The History & Haunts of Chickies Rock

Located between the boroughs of Columbia and Marietta is Chickies Rock. At over 422 acres, it is the county’s second-largest regional park. Its most notable feature is the massive outcropping of quartzite rock towering 200 feet above the river. The vista offers impressive views of York County, the borough of Marietta, and farmlands of northwestern Lancaster County.


Bike paths and walking trails now lead visitors to the sites of interest in Chickies Rock County Park. But one thing seems to run through its long history, unbidden and dark: the supernatural. Locals will agree that the view from Chickies Rock is indeed spectacular and that the history and geology of the site are interesting. But along with the beauty, science, and history are tales that encompass the mysterious: legends of curses, ghosts and strange monsters.


The rock and surrounding land seem to possess a certain magnetism. Hundreds of years ago, it attracted Native Americans. In fact, the name Chickies Rock comes from the Lenape word Chiquesalunga meaning “place of the crayfish.” There is a nearby stream with the same name. Technically, it is now called Chiques Creek. The name changed from Chickies Creek in 2002. The area once boasted seven iron furnaces and rolling mills, a canal, and a trolley line. Remnants of furnaces, canal walls, and trolley-line grades are still visible today.



The earliest legends involve the Susquehannocks that once lived in the area. One of the oldest tales in which there are many variations to the story, but regardless of the version, persistent tales circulate of a Colonial-era dressed white man standing at the summit of Chickies Rock or near the water’s edge below. His fate is known as The Lover’s Leap.


Arguably the most popular myth involving Chickie Rock is the story of Lover’s Leap. In one version of the story, a young Susquehannock Indian named Wanunga lived there with his beautiful wife named Wanhuita.

One autumn, several men including Wanunga left on an extended trading expedition with far-off tribes. While he was away, Wanunga’s wife became friendly and eventually fell in love with a nearby white settler. The two would sneak off under the cover of darkness to Chickies Rock for secret rendezvouses.

After several weeks, Wanuge returned home. He immediately noticed the lack of interest from Wanhuita and became suspicious. One night he observed Wanhuita sneaking out of the longhouse and decided to follow her. Staying in the shadows, he followed Wanhuita up the hill to Chickies Rock. There in the moonlight, Wanuge’s worse fear was realized as he saw his wife in the arms of another man. Adding insult to injury, it was a white man.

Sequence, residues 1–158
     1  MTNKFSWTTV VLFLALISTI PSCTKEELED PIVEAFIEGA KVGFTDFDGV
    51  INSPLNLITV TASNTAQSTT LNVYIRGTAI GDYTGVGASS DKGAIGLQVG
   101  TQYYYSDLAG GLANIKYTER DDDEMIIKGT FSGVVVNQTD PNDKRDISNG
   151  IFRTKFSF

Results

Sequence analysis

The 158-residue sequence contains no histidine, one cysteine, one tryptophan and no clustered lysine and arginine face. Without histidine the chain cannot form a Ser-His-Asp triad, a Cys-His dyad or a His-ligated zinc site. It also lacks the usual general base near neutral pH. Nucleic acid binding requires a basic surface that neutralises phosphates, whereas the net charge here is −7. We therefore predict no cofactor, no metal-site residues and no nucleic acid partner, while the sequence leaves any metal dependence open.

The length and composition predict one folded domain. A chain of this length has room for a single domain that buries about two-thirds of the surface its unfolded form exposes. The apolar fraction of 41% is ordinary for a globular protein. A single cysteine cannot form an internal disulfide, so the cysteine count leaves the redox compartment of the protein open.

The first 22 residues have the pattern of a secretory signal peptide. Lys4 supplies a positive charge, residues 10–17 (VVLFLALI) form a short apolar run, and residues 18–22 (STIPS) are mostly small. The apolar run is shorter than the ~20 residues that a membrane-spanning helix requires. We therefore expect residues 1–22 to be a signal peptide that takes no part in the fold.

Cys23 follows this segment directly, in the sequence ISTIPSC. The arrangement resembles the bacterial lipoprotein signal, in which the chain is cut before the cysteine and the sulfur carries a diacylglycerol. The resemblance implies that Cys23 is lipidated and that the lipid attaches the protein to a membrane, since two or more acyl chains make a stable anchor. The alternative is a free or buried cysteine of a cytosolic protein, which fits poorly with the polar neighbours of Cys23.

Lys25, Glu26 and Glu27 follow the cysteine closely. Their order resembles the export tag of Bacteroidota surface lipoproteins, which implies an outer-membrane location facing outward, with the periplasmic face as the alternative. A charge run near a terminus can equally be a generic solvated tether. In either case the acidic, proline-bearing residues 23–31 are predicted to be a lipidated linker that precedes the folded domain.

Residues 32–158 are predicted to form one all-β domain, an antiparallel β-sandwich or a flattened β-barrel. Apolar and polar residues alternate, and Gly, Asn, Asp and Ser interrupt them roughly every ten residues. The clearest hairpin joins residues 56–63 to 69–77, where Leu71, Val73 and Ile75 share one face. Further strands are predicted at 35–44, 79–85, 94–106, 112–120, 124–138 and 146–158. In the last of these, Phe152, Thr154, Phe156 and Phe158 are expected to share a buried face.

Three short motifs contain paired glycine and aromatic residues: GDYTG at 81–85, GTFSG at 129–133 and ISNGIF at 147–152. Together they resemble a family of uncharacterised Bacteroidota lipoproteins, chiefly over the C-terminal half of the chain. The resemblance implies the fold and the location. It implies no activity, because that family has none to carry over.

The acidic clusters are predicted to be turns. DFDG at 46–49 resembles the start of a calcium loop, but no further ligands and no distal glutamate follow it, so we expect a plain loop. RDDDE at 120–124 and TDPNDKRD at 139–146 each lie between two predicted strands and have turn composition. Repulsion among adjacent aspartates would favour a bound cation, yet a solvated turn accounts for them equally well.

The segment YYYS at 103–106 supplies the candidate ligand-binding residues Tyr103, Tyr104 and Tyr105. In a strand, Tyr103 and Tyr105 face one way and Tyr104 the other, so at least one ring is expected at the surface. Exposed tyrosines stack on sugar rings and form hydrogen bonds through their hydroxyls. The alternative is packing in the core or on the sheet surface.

Wanunga flew into a rage, pulled his tomahawk, and ran at the man, catching the white man off guard, Wanunga repeatedly hacked at him. After slitting the man’s throat, Wanunga cast the rival’s lifeless body off the cliff’s edge.

As Wanhuita watched her lover tumble into the dark oblivion, she screamed a heartbreaking, “No!” Furious over this final betrayal, Wanunga lunged at his wife. He grabbed Wanhuita attempting to throw her over the cliff too but in the struggle, they both tumbled off. As they plummeted to their deaths on the jagged rocks 100 feet below, Wanhuita’s screams filled the cold night. Even more frightening are the phantom screams of Wanhuita often heard still today late at night.

Wanunga too has remained forever cursed to haunt the area. When exploring the area surrounding Chickies Rock, people report seeing a ghostly Indian figure silently moving through the night on a revengeful mission. Sometimes he’s seen holding a tomahawk. He’s frequently sighted in, around, or on top of the old tunnel at dusk or on overcast days.


Not everyone believes the ghost is Wanunga, some think this Susquehannock apparition is warning people to stay off sacred Indian grounds. There are also stories of ghostly drumming heard by hikers. No one has ever been able to locate the source of the drumming despite many attempts. I personally heard this drumming as a young child while disobeying my mother and wandering deep into the woods with siblings and cousins. It’s a sound I’ll never forget. I’ll also never forget the look of fear on the adults faces as they carried us out of the woods with a jarring swiftness.